Linoleic acid (18:2n-6), is a major unsaturated fatty acid in the American diet. Linoleic acid is considered to be atherogenic because of its pro-oxidative and proinflammatory properties. There is substantial evidence that linoleic acid (LA) can activate vascular endothelial cells and contribute to an inflammatory response. To explore the mechanisms of LA-induced proinflammatory signaling pathways, the present study addresses the role of the phosphatidylinositol 3-kinase/amino kinase terminal (PI3K/Akt), extracellular signal regulated kinase 1/2 (ERK1/2) and p38 mitogen-activated protein kinase (MAPK) pathways during vascular endothelial cell activation. After a 3- to 6-h exposure, LA significantly activated both Akt and ERK in endothelial cells, as assessed by western blot and immunofluorescence. In contrast, LA activated p38 MAPK already at 10 min, suggesting that p38 MAPK signaling occurred upstream of the ERK1/2 pathway. Furthermore, inhibition of ERK activity by PD98059 and PI3K/Akt activity by LY294002 or wortmannin significantly reduced the LA-induced activation of nuclear factor kappa B (NF-κB). These results suggest a contribution of both the ERK1/2 and PI3K/Akt pathways to the effect of LA on NF-κB-dependent transcription. Indeed, LA-mediated gene expression of the vascular cell adhesion molecule 1 was suppressed by PD98059, wortmannin and LY294002. These data indicate that both PI3K/Akt- and ERK1/2-mediated proinflammatory signaling events are critical in LA-induced endothelial cell activation and vascular inflammation.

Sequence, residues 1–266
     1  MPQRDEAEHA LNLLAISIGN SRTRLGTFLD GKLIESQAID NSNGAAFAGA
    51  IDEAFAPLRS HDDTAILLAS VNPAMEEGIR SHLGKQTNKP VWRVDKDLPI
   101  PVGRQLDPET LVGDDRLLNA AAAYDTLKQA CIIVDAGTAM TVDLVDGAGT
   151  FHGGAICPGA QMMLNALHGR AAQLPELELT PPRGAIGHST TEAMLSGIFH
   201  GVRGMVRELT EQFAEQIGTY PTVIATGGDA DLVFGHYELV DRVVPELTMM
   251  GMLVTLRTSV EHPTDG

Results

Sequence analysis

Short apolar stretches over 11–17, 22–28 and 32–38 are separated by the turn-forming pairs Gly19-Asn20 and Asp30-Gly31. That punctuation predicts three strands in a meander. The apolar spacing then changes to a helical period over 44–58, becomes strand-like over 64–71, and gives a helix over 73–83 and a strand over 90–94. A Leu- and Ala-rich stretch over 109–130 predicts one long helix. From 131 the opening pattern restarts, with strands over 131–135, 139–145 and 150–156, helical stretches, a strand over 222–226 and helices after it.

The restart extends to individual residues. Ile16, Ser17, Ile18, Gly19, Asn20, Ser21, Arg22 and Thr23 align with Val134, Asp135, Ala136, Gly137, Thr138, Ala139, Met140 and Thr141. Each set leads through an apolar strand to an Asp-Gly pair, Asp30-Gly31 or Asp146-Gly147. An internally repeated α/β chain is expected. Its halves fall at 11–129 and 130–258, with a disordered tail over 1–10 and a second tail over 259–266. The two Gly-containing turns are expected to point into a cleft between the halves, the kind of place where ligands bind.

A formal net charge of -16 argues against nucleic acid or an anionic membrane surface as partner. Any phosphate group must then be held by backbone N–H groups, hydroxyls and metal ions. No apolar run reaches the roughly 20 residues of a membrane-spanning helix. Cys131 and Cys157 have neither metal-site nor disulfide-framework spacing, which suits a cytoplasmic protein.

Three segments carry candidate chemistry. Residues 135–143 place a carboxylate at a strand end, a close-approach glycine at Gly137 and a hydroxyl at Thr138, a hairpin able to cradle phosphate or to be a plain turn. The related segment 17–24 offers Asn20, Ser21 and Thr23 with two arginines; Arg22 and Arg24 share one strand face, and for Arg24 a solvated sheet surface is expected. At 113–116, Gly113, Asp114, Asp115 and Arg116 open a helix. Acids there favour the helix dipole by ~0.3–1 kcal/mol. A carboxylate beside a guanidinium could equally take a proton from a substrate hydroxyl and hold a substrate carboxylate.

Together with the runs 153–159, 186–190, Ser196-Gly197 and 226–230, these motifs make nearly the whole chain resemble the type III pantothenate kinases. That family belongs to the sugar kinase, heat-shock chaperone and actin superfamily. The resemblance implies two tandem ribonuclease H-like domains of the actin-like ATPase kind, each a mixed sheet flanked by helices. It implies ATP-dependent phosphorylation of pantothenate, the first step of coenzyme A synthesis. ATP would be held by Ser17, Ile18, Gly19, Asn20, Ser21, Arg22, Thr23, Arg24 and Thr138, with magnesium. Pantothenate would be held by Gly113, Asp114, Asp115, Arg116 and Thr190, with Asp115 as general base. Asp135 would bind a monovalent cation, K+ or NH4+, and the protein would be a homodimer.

- Cell signaling
- Endothelial cell
- Extracellular signal regulated kinase
- Linoleic acid
- Phosphatidylinositol 3-kinase
ASJC Scopus subject areas
- Endocrinology, Diabetes and Metabolism